I want to talk about something that’s been on my mind, particularly since the #metoo hashtag started trending back in 2017.
The sharing of stories is undoubtedly one of the most important things in breaking open and exposing systemic abuse. Grooming frequently brings survivors to believe that they’re the only one it’s happened to, or that what happened was their fault. When stories are shared, that lie is shown for what it is.
And yet, telling one’s story doesn’t guarantee that a person will be heard and supported in the way that they need; nor does it guarantee that justice will happen as a result of them speaking up. Meanwhile, testifying can turn a witness into a harassment target, as happened with Christine Blasey Ford when she spoke about Brett Kavanaugh.
So we have this dilemma: sharing our stories can be powerful and important, yet it can also come with huge risk, especially when trying to shine a light on systemic abuse.
I have no doubt that survivors are aware of this risk. For many, it’s why they don’t disclose or only do so after a long delay. And yet, what does a survivor do when they witness the great outpouring of story-sharing that took place in 2017? What do they make of the high profiles of women like Christine Blasey Ford, Miriam Haley and Jessica Mann? Is it now possible to hope to be believed if a survivor does share their story?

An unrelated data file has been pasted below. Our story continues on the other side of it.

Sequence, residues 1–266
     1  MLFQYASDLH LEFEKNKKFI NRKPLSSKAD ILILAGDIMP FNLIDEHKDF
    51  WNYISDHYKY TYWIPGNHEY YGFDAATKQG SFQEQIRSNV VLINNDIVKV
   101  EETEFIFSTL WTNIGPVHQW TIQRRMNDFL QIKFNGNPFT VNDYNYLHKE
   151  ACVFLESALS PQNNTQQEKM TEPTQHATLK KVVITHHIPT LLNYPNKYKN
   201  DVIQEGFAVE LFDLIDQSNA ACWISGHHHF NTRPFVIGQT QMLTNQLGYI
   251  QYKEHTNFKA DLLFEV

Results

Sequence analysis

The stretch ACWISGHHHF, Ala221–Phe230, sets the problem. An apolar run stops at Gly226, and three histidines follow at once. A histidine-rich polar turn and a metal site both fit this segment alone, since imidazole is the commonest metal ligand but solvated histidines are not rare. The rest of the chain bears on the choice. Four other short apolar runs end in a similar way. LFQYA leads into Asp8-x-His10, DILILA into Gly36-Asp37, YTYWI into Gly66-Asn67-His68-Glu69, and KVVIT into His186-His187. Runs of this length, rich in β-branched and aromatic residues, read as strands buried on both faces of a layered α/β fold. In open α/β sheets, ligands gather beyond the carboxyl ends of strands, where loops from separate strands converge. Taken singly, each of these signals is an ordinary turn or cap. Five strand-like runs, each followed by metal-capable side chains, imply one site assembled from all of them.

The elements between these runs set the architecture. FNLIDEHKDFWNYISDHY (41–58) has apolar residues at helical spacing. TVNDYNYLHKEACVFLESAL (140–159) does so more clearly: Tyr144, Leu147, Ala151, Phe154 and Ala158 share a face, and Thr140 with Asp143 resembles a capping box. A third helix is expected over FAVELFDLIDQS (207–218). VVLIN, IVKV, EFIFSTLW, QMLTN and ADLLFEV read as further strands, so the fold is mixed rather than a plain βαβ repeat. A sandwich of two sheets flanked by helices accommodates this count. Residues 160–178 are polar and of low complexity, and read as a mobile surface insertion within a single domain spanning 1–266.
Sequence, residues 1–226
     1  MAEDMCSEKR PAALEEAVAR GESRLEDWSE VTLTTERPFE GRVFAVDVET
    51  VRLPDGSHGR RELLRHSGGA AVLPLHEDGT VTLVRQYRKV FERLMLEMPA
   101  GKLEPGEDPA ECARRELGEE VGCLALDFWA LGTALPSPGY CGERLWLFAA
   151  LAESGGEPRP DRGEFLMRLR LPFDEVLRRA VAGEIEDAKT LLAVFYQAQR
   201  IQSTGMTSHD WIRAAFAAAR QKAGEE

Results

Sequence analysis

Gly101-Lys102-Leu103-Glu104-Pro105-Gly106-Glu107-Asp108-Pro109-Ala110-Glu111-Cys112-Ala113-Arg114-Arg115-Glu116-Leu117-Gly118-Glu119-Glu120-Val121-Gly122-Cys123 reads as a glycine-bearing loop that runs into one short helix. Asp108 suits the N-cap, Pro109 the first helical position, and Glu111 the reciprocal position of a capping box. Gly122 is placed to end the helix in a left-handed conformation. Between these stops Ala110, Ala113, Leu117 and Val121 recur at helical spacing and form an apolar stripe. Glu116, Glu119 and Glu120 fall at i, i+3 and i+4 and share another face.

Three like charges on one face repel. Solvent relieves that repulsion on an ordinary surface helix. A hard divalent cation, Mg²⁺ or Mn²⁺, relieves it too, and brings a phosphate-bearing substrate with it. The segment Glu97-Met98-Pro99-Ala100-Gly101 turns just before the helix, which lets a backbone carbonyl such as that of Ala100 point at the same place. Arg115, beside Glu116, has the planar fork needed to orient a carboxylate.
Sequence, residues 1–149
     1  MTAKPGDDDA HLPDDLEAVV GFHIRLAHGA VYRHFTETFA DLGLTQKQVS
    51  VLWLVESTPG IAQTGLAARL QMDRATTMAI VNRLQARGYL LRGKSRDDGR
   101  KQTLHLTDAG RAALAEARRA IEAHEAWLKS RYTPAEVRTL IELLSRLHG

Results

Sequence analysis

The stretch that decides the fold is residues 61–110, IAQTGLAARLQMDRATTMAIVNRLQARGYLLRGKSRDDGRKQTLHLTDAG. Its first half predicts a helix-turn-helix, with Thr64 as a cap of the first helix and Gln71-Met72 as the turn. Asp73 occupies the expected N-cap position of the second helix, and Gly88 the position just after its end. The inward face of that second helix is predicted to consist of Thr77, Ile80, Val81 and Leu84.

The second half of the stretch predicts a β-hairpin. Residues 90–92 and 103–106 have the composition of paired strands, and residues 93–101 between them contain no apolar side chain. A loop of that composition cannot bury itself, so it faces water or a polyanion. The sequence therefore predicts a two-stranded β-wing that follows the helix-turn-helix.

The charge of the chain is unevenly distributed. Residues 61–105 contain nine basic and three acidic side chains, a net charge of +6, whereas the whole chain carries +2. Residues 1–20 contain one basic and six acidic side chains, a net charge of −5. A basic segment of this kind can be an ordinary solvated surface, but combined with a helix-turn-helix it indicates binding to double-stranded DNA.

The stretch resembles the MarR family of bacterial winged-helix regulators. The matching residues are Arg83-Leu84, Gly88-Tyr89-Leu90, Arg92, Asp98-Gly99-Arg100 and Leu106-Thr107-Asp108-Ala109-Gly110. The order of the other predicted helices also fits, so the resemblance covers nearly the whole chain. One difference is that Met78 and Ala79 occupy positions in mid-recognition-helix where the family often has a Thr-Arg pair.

I grant you, the odds of being believed are probably far better than they’ve ever been historically; but high profile cases, even those considered to be successes, don’t guarantee comfort or closure for any survivor in the event that they share their story. Now some survivors have already written about why they didn’t share their metoo stories, but it still troubles me that survivors might underestimate the risk and the cost of disclosure.
Stories are precious – but aren’t always valued
You could say my concern is nothing new. It is already well documented how survivors experience secondary abuse by safeguarding failures when they report abuse allegations. Meanwhile, I have seen countless discussions on social media where people recount their shock and distress at how they reached out for help but were not given the support they expected or needed. We are often naïve in our expectations for how much disquiet the world is willing to receive, and how much effort it’s willing to invest to set things straight. We are often naïve in our expectations for how much disquiet the world is willing to receive, and how much effort it’s willing to invest to set things straight. Click To Tweet
But still, though this might be an old phenomenon, a movement of solidarity against abuse shouldn’t become the impetus for someone to share their story in a way that’s unguarded or puts them at risk of secondary abuse.